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Getting Real About Meth

One Family's Nightmare

Wendy Macker was worried about her 15-year-old son Graham. An A student and star athlete, he'd always been an outgoing, happy kid, even after the death of his father from a heart attack 10 years earlier. But Graham had been avoiding Wendy and his two older siblings and had taken to hanging out with a rough, older crowd in Kalispell, Montana. When she did see him, he was pale and agitated, euphoric one minute and in despair the next. One day, Wendy, the owner of a small carpet company, was at work when someone broke into her home and stole all her jewelry. She suspected Graham, who denied everything. Then she confronted one of his so-called friends. He admitted to the theft and gave her the loot -- along with the shock of her life. "You should check on your own kid," he said. "Graham's been shooting meth."

Graham denied the accusation, but the guilty look on his face told Wendy he was lying. "Everything spiraled downhill after that," says Wendy, 45, recalling that terrible night in 2004. "He disappeared for days at a time, and I'd drive around town hunting him down. I'd bring him home and try to feed him -- he looked like death warmed over -- but he wouldn't eat." Graham's weight dropped from 160 to 115 pounds, and he was nearly killed in a drug deal gone bad. "They call meth 'the devil,'" says Graham, "and it brought out the devil in me. I stole from family and friends. I robbed houses. All I cared about was my next fix."

Graham and his pals preferred to shoot up in their arms, necks, and legs. A dealer once said Graham was the type who would never be able to turn back and that he expected him to die from the drug. Wendy feared the same, but didn't know how to save her son. "Once, after he'd vanished for more than a month, I found him at a friend's house with a bunch of other users," she says. "I got down on my hands and knees, begging him to come home. He did, but the next morning he was gone. I don't know what made me do it, but I drove 20 miles to the nearest train station. Graham was headed for Seattle, his pockets full of drugs. If I hadn't gotten there in time, I never would have seen him alive again."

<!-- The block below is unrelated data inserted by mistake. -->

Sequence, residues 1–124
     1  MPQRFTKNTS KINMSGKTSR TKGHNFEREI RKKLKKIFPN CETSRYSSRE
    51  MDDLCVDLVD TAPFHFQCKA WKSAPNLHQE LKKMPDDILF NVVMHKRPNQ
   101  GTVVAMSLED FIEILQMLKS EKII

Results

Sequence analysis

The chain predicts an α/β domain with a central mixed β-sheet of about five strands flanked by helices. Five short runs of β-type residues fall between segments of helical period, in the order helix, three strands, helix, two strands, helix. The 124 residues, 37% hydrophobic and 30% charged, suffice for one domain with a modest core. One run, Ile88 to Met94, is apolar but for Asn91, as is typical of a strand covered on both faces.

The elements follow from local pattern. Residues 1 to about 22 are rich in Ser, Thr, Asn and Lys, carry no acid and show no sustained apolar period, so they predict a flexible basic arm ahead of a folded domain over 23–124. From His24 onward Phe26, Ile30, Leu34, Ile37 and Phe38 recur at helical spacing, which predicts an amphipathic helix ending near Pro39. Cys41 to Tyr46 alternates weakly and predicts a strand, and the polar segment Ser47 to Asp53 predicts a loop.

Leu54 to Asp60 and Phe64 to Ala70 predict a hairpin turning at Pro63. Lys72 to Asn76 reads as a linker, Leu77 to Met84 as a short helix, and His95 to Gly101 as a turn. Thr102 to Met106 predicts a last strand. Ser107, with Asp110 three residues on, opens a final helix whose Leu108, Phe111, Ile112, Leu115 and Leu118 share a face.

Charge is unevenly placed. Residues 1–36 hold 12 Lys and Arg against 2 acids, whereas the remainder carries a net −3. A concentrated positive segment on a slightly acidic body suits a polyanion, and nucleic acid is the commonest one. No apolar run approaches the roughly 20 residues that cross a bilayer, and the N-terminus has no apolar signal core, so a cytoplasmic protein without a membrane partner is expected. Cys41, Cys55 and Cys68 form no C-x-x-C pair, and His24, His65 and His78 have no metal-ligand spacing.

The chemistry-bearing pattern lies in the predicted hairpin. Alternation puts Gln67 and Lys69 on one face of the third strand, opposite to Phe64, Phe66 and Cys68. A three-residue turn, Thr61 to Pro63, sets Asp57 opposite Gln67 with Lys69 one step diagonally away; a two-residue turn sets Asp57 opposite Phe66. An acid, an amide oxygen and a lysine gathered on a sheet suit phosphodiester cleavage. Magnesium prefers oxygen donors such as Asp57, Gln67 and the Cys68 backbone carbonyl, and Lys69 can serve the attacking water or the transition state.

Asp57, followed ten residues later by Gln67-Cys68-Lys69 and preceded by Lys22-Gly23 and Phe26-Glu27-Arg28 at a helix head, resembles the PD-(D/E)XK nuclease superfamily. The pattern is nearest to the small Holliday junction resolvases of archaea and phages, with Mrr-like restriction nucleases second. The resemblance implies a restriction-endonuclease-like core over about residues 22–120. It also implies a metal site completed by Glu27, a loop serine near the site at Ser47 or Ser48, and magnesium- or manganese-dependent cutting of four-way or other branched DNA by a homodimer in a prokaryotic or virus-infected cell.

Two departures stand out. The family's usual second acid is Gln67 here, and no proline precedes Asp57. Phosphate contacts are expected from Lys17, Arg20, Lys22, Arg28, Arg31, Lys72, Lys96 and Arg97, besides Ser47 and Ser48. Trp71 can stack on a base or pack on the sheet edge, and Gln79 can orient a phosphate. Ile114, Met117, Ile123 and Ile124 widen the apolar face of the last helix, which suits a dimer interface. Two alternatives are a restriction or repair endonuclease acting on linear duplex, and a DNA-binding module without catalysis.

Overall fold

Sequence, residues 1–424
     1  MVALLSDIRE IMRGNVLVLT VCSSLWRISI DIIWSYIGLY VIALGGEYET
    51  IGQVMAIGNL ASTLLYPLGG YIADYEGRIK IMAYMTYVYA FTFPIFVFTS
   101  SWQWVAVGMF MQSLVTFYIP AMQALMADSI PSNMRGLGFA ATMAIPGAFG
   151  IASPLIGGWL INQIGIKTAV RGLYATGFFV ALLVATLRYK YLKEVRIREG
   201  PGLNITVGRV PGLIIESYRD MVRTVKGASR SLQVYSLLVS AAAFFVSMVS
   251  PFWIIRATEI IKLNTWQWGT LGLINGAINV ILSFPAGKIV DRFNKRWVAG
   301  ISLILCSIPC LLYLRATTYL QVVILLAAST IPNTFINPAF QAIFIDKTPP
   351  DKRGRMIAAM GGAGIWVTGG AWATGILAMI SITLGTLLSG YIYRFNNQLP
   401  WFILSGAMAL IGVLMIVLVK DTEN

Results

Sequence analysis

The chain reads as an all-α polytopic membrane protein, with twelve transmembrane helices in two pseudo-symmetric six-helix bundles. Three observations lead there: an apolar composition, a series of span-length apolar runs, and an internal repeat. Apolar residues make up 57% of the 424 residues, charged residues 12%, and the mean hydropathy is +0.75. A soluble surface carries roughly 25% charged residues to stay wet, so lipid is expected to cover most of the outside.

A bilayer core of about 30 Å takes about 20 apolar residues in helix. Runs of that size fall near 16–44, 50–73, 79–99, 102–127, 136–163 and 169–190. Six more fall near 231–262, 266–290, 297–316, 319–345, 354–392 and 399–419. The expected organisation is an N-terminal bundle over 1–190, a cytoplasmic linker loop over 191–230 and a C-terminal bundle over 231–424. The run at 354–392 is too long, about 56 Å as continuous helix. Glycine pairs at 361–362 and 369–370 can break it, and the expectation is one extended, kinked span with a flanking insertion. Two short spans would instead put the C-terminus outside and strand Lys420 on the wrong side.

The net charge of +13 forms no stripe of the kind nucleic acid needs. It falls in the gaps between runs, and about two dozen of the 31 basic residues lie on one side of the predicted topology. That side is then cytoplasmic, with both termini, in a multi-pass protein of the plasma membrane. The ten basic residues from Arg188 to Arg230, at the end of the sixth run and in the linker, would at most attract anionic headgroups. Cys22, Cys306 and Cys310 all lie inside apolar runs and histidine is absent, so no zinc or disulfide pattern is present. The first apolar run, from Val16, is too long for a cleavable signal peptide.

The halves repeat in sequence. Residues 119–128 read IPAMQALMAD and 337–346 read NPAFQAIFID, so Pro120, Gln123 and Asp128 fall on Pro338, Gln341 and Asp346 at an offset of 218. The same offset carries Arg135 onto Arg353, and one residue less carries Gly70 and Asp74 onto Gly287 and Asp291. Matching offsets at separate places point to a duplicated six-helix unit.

The turning point came in 2007, after Graham was arrested yet again for possession. Wendy got a call from the Montana Meth Project, which works with local law enforcement to keep track of juvenile meth-related crimes so it can help families in trouble. Following a counselor's advice, Wendy hired two escorts to come to her home in the middle of the night, handcuff Graham and take him to a treatment program in Thompson Falls, Montana. "I was high when they came and really pissed at my mom," he says. "But if she hadn't done that, meth would've killed me." After six months of treatment, Graham, now 19, came back to Kalispell, where he's grown close to Wendy and siblings Julius, 24, and Kaitlin, 21, once again. "I still have cravings every day and attend support meetings every night," he says. "But life's worth living again. My mom thinks that's a miracle. I guess she's right."